Scientific workflows – the knowledge-generating engines of R&D.
Scientific research requires two kinds of effort. One is the generation and synthesis of original ideas by skilled practitioners. This is a desirable and often lauded talent that can spawn remarkable innovations in science and medical care. The second kind of effort is less visible, but equally important—the hard work required to turn an idea into reality. Executing the experiments, analyzing the data, and developing presentations of results are examples of this work. Although these latter efforts are necessary, and even enjoyable, they nonetheless can be tedious, time-consuming, and expensive.
In model-based research and development (MBR&D), turning an idea into reality includes creating analysis-ready datasets, managing analysis processes, and preparing work products, such as tables and graphs. The idea of automating these and the other tasks required for MBR&D may seem preposterous. The fact is that some companies have already made strides in automating various recurring tasks, such as creating graphs and managing the results from statistical analyses. Other tasks still require a scientist’s careful scrutiny and judgment, however. To achieve the degree of rigor required to adequately support these more complicated tasks, a more sophisticated and higher order of automation is necessary. The challenge is huge, but I think automation is overdue in pharmacometrics—automation is needed so that we can achieve the productivity gains we desperately need in the Pharma of the Future?.
Over the last few years, my colleagues and I have been working to understand the obstacles that must be addressed in order to improve productivity in the pharmacometrics enterprise—to industrialize it, if you will. A major obstacle we had to address early on was the belief that automation is the first step in an undesirable transition to hands-off, machine-dominated science. In fact, our efforts at industrialization have led to remarkable improvements in the consistency and quality of our work products and to a greater emphasis on thinking instead of doing.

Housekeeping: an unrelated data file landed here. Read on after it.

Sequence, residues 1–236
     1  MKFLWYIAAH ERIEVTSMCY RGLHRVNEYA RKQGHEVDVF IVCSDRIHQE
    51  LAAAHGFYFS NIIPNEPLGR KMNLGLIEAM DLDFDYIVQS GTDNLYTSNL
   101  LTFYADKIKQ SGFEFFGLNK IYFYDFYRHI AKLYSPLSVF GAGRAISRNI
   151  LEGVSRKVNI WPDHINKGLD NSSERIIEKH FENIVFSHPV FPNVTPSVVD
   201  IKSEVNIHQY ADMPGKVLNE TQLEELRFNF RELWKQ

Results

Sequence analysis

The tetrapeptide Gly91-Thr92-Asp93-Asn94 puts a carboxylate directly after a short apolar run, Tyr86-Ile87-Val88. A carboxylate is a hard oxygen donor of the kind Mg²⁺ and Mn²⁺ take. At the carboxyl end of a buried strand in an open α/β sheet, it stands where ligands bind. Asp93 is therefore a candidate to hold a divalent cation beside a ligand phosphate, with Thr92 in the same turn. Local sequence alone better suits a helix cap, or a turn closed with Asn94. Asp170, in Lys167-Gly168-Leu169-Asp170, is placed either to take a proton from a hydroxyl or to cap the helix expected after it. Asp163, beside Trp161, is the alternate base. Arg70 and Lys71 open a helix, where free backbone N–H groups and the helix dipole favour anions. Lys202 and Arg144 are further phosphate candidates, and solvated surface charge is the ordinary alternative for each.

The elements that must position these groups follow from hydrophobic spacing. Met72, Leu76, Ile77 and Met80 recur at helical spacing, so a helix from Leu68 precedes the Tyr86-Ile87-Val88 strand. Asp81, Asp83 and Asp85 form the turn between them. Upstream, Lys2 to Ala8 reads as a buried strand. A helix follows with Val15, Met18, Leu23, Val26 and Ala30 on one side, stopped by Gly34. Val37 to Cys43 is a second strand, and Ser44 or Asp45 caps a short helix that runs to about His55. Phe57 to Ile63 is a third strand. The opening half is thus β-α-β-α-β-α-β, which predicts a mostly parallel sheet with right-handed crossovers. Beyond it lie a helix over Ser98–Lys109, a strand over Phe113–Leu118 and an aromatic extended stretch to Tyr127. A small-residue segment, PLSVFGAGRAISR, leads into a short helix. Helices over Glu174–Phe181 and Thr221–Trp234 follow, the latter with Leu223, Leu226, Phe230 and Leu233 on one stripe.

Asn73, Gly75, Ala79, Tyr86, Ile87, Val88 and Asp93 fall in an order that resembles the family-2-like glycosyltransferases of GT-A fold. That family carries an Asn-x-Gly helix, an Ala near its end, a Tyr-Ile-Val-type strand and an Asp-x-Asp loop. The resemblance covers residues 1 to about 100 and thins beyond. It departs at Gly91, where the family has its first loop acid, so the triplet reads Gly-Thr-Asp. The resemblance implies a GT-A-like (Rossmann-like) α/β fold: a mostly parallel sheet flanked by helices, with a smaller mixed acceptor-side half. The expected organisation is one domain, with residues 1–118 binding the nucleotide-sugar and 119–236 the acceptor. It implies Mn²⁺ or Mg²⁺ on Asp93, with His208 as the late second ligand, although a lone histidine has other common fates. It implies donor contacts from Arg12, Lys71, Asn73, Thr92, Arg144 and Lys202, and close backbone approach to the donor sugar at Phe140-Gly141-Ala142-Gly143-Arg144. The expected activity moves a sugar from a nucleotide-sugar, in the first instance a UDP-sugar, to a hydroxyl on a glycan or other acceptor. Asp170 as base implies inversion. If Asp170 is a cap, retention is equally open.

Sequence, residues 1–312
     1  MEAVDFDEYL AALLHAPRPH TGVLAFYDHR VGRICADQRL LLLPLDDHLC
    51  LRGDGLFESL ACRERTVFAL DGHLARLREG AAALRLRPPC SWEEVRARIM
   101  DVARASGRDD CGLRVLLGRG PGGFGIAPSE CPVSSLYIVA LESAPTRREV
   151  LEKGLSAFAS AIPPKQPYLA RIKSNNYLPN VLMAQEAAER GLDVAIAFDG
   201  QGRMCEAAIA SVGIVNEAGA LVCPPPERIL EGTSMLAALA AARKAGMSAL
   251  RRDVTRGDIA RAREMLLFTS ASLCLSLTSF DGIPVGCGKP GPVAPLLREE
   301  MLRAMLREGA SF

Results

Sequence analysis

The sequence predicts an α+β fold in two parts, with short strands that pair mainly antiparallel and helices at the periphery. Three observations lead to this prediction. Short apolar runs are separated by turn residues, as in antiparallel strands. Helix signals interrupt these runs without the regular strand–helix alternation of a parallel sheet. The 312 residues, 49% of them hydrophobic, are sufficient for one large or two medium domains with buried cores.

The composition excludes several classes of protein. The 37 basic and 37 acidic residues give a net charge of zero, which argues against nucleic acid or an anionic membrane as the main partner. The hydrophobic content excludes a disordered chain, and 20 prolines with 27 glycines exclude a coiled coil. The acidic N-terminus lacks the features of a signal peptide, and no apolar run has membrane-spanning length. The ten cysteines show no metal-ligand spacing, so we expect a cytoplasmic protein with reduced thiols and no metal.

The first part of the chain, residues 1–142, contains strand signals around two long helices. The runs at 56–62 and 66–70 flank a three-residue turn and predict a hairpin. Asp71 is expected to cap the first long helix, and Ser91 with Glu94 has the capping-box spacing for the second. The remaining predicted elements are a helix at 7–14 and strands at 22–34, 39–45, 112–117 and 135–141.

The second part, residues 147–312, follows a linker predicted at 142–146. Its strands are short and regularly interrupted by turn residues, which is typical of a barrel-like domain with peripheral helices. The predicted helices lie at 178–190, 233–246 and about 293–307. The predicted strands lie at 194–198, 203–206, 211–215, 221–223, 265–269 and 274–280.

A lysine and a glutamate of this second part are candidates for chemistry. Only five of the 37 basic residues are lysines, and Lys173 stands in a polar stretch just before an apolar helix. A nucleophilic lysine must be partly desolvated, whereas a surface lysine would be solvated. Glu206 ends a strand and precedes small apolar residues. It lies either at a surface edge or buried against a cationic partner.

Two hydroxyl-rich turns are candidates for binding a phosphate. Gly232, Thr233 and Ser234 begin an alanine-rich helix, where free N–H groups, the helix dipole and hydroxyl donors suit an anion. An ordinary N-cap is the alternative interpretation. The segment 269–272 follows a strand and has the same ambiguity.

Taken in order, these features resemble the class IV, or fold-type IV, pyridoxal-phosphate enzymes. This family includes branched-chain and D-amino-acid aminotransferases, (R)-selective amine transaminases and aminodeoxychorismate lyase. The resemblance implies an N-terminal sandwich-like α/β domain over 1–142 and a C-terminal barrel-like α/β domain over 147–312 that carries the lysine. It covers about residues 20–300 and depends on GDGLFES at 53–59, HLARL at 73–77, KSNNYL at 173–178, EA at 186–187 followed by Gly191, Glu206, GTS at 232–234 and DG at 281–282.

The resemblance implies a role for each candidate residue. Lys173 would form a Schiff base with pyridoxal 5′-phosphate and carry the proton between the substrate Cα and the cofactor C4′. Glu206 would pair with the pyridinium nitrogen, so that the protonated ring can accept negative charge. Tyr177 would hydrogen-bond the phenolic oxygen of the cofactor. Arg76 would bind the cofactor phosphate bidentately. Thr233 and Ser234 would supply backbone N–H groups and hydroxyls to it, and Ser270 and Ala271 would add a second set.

Specifically, formalization and automation are required for what is now a largely hands-on, ad hoc process. The manual approach is problematic for several reasons. First, creating analysis-ready datasets, managing analysis processes, and preparing work products are time-consuming and error-prone when done manually—and as the size of datasets and the complexity of models increase, these tasks may become impossible to do without automation. Second, archiving each of the steps in the modeling and simulation process, including both high-level scientific results and low-level details about the hardware and software environment, is tedious. Without this information, however, it is difficult to re-generate the results. Reproducibility of results is a cornerstone of the scientific method—the scientific soundness and integrity of the computational efforts at the center of MBR&D will be questioned without the ability to reproduce results.